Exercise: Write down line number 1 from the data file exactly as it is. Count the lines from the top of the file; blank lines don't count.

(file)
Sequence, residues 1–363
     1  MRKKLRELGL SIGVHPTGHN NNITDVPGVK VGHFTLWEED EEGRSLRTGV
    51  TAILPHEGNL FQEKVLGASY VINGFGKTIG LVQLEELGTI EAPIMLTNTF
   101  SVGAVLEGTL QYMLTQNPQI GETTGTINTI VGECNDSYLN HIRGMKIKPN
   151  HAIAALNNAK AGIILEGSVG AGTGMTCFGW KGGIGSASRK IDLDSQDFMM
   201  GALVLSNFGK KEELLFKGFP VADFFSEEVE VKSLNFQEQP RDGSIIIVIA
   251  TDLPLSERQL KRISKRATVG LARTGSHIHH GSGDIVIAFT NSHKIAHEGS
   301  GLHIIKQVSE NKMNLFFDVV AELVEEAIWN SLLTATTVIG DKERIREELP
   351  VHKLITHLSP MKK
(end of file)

Sequence, residues 1–363